RSS

Tag Archives: tomatoes

Simplified Chicken Cassoulet


(serves 2)
Cassoulet is a hearty meal-in-one dish of poultry, pork and beans in a tomato sauce from Languedoc, in the south of France. This is my simplified method for making a Cassoulet using everyday ingredients like chicken legs and baked beans. It’s not exactly the same as what you’d find in Toulouse but I think you’ll find its a close enough imitation as long as you’re not French. More importantly my recipe only takes 1 hour to prepare and cook instead of a whole day if you were to do it ‘properly’.       
 

Ingredients

  1. Chicken Leg with Thigh (2)
  2. Pork Sausages (2)
  3. Pancetta (100g)
  4. Onion (1/2)
  5. Shallot (4)
  6. White Wine (1/2 cup)
  7. Baked Beans (1 can, small)
  8. Oxo Beef Cube (1)
  9. Tarragon
  10. Thyme
  11. Coriander Seed Powder

Preparation 

  1. Peel the shallots but keep them whole. The half onion should be cut into 3 wedges.
  2. Trim (and retain) any excess skin and visible fat from the chicken. Season the chicken legs with a dusting of pepper, but no salt.
  3. Fry 100g of diced pancetta in a pan on low heat with 1T oil (goose fat if you have any) together with the chicken trimmings and the two pork sausages.
  4. When the fat from the pancetta begins to render, add the shallots and onions to the pan. Move the contents of the pan around to prevent them from getting burnt until the onion breaks up into soft pieces.
  5. Pour everything from the pan into a casserole. The Casserole should be tall enough to prevent boiling over. Drain the oil back into the pan and turn up the heat.
  6. When the pan is hot, brown the chicken in it. The chicken shouldn’t be in the pan so long that it gets cooked completely.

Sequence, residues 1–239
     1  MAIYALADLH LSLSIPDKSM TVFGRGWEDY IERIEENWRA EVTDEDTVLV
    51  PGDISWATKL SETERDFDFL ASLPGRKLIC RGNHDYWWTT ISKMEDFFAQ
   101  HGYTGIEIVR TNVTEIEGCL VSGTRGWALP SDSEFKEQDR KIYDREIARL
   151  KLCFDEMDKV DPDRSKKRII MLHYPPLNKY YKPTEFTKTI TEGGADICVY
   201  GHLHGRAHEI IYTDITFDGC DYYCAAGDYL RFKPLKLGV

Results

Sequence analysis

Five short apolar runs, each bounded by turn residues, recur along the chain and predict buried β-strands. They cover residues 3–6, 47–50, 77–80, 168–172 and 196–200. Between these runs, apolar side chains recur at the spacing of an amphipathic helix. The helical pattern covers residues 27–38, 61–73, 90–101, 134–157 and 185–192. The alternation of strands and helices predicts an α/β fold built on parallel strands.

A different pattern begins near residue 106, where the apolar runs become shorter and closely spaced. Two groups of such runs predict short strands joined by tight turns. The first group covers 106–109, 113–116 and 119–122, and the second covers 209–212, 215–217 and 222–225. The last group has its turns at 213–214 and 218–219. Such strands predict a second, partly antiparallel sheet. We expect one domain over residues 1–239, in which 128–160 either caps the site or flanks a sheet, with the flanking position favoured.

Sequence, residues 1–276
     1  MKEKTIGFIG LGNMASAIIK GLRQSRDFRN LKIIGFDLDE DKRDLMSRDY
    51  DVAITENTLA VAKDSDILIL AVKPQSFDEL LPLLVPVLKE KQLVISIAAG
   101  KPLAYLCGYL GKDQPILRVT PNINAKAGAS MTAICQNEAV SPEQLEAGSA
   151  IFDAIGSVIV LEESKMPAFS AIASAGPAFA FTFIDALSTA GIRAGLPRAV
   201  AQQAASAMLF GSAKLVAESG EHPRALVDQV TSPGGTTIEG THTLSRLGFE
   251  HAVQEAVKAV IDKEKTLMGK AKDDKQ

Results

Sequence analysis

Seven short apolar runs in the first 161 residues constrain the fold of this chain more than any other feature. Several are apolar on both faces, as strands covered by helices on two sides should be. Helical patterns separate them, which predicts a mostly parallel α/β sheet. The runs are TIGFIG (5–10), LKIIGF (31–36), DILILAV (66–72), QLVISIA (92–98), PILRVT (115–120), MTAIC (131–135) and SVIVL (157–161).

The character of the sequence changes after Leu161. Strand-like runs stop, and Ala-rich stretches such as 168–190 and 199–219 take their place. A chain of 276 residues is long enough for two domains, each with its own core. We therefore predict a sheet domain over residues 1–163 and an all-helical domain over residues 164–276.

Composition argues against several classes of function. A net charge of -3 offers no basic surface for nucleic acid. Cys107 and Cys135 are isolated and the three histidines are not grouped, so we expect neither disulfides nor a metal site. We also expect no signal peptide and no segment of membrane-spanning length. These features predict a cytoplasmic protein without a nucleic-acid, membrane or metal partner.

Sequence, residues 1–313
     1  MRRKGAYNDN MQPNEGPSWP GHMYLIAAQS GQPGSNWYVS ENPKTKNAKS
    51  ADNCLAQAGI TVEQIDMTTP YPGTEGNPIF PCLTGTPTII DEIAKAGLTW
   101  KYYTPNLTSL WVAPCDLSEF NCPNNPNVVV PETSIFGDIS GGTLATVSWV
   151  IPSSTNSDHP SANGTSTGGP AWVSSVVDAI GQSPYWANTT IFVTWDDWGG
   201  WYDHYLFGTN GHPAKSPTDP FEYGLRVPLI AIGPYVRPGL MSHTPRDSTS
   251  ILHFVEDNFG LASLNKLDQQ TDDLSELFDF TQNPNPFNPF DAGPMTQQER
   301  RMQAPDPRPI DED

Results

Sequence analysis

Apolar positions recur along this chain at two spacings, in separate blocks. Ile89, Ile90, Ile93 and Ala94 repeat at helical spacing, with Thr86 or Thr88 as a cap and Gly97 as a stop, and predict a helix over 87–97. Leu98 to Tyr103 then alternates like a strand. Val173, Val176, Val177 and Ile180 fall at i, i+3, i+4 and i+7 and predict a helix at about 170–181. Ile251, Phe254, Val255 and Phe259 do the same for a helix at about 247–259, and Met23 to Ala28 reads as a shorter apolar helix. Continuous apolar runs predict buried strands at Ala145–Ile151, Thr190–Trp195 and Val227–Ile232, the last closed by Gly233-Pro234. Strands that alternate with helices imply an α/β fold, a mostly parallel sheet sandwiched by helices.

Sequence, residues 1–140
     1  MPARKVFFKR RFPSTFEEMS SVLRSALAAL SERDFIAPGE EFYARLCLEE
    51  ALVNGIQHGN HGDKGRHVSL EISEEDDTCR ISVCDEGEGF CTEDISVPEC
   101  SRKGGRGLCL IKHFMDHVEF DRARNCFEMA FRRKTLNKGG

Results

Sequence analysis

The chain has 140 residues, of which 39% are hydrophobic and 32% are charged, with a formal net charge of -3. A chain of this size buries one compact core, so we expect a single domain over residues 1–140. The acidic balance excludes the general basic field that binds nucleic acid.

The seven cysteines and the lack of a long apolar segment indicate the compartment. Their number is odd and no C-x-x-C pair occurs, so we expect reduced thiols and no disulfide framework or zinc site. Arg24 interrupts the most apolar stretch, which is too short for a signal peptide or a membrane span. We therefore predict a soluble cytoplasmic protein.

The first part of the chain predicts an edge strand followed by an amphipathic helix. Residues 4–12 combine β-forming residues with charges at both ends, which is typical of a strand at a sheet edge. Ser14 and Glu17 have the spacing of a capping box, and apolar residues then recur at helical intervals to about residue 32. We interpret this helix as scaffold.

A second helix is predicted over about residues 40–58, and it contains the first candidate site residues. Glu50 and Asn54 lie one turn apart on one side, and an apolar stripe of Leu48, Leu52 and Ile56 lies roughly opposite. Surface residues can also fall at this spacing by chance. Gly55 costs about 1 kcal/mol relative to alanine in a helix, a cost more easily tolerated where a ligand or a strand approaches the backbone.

7. Place the browned chicken in the casserole as well and arrange all the contents snugly as shown. Sprinkle some black pepper over everything.
  8. Preheat your oven to 180oC (350oF).
  9. Melt 1 Oxo Beef cube in 3/4 cup of hot water and use this stock to deglaze the pan. Turn on the heat again and add 1/2 cup of white wine and the can of baked beans. While the mixture is being brought to a boil, add 1T Tarragon, 1T thyme, 1t coriander seed powder.
  10. After the sauce has been boiling for half a minute, pour it into the casserole. Place the casserole in the oven for 25 minutes, uncovered. The cooking time may vary slightly, you’ll know its time when enough of the liquid has evaporated and the chicken is partially exposed.
  11. You may serve your cassoulet immediately but it can also be put aside and reheated later, it will taste just as good. It is traditional to serve the whole casserole (as per below), with the individual plating done at the table. The dish has a lot of sauce, so it goes well with baguette or some other kind of bread.

Notes

  • If you haven’t cooked an authentic cassoulet before, here is a summary: Cassoulet is usually served with Duck Leg Confit instead of chicken and this is to be roasted separately. You’ll also need Toulouse Sausages which are hard to find, plus you also have to soak beans ahead of time and cook them for a really long time to get them soft. Other typical cassoulet ingredients that I left out include tomatoes, celery, carrots and laminated pork.
  • The nice thing about canned baked beans is they come pressure-cooked and their sauce has the same effect as the gelatin you would normally get from cooking pork skin in the Cassoulet for a long time. Baked beans are thus the secret to the greatly reduced cooking time.
  • Speaking of pork skin, if you’d like you could try adding pieces of smoked ham hock if you so desire; treat them the same as the sausages.
  •  Some recipes sprinkle breadcrumbs on the cassoulet to form a crust, but I don’t belong to the crust camp.     
  • You can use a pot or pan instead of glass or ceramic ware as long as they come with an all metal handle. Be warned – if you use an oversized sized container the liquid level will be too low to cover the chicken initially and it will get burnt. A solution is to bake the casserole covered and then again uncovered at the end. 
Advertisements
 

Tags: , , , , ,

Japanese Rice Paella in a Frying Pan


(serves 4)